• Providing opportunities through, for example, PSHE, speaking and listening, drama, group work and educational; visits for the children to develop their emotional intelligence in order to empathise and understand the wide range and diversity of life in the country in which they live.

  • Ensuring all children are supported and challenged in the ability to read. Reading also feeds into all we do as without the ability to read, many doors would remain closed to the children. The more confident they are as readers, the more confident they are as individuals so those that find reading a challenge are listened to each day and adult time is given to support them in making the necessary improvements.

  • Promoting the development of the children’s vocabulary through reading, writing, speaking and listening as well as in other curriculum areas which may have their own subject- specific vocabulary.

  • Through giving children specific, accurate and timely feedback on the quality and content of what they have produced. The purpose of which is to encourage and support children further to ensure they understand and accept their own errors and can independently improve their work as a result.

  • Providing valuable and … educational visits that broaden children’s horizons and provide them opportunities to learn about the world, opportunities for careers for them and themselves as individuals. These may be visits to religious places of worship (Sheffield Cathedral), businesses (AMRC Sheffield), farms and zoos (Twycross Zoo, Whirlow Farm), sports facilities (English Institute of Sport) and arts and theatres (Pantomime, Grimm and Co, other local theatres).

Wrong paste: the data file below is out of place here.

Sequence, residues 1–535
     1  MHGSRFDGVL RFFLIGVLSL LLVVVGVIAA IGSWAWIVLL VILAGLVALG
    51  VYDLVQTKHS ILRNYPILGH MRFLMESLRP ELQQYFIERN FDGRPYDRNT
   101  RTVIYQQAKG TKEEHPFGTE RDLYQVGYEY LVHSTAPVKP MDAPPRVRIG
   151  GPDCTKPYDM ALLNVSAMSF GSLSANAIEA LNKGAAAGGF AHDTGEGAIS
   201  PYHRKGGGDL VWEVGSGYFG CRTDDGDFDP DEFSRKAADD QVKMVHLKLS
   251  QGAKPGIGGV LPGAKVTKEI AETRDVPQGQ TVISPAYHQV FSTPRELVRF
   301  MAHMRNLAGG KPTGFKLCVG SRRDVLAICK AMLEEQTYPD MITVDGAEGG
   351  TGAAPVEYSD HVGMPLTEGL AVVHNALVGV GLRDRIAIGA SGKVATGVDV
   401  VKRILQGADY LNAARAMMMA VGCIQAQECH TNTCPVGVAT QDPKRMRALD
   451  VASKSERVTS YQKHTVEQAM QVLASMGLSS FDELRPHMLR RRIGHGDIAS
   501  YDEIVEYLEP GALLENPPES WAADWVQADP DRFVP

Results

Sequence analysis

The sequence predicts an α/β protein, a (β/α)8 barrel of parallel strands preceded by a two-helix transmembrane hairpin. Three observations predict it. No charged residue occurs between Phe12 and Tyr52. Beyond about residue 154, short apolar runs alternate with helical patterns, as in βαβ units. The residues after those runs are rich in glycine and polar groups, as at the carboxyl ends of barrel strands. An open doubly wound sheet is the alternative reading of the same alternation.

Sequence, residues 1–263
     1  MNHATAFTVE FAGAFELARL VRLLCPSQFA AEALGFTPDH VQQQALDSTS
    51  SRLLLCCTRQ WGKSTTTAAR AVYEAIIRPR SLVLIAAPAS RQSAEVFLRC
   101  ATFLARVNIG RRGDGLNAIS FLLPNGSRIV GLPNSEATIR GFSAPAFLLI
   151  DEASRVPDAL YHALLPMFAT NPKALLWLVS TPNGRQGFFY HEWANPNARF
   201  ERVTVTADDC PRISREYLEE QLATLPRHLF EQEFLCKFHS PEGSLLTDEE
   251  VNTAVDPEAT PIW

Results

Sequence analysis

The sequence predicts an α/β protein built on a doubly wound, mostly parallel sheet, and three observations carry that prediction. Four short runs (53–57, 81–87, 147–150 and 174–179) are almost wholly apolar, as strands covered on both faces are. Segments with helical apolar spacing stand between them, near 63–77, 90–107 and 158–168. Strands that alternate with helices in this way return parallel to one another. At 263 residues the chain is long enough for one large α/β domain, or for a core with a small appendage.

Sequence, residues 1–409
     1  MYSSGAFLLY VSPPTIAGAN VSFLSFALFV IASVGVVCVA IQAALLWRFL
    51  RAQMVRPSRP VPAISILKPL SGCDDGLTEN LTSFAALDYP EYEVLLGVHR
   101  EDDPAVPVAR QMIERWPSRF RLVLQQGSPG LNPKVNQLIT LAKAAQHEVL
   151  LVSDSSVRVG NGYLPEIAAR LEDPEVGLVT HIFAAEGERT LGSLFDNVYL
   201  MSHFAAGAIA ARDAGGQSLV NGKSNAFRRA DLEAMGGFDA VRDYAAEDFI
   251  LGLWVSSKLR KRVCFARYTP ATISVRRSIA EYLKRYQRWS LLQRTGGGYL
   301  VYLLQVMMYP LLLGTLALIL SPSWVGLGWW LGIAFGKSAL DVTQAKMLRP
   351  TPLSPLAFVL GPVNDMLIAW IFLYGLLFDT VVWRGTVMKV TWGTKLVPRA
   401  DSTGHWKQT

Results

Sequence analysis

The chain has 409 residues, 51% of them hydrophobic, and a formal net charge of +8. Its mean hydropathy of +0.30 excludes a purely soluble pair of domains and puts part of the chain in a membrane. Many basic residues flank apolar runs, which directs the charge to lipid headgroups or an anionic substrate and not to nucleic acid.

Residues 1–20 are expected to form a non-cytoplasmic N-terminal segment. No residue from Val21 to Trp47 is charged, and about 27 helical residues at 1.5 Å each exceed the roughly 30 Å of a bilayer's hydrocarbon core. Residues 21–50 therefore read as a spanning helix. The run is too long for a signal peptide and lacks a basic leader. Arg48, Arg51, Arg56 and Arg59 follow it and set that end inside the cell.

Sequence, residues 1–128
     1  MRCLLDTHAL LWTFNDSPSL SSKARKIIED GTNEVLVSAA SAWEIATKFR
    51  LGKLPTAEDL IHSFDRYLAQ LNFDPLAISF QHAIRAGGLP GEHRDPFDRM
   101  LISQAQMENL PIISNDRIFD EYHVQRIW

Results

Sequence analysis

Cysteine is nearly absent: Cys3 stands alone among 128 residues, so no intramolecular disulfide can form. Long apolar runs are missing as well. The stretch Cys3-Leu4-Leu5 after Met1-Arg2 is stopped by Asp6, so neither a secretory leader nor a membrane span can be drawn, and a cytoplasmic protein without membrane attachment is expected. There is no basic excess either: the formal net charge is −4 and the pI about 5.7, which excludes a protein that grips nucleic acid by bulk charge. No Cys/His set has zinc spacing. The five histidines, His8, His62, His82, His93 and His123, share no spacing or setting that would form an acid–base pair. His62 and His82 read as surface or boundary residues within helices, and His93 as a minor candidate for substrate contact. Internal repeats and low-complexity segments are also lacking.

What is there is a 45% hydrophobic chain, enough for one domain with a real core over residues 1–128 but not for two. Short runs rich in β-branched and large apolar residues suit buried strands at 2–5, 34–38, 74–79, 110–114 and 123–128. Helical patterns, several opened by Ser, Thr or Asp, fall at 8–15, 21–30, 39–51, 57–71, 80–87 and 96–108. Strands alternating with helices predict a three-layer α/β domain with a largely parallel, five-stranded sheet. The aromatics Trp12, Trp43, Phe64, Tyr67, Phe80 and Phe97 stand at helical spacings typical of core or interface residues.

• In addition to these Y6 visit Crucial Crew each year to learn about the emergency services, the courts and potential dangers and ways to protect themselves (peer pressure, park safety, homelessness, internet safety).

Other opportunities in school life that enable students to develop their self-knowledge, self-esteem and self-confidence:

  • Special Mentions Assembly (parents invited)

  • Use of Class Dojo to share individual and class achievements with parents.

  • Residential visit to Peat Rigg

  • School production- Christmas each year 

  • Extra-curricular clubs

  • Star Chart Awards

  • Class behaviour – praising achievement and effort

  • Marking and feedback recognises success and effort

  • Circle times – pupil voice

  • Receiving responsibilities (Junior Road Safety Officers, Anti-bullying team, EYFS lunchtime monitors from Y5)

  • School Councillors

  • Celebrating achievement (sporting, social and academic) both in and out of school

  • Getting involved in events organised by Friends of Kilnhurst Primary that build community ties and raise funds for school.


Policy dated: March 2020

To be review: July 2021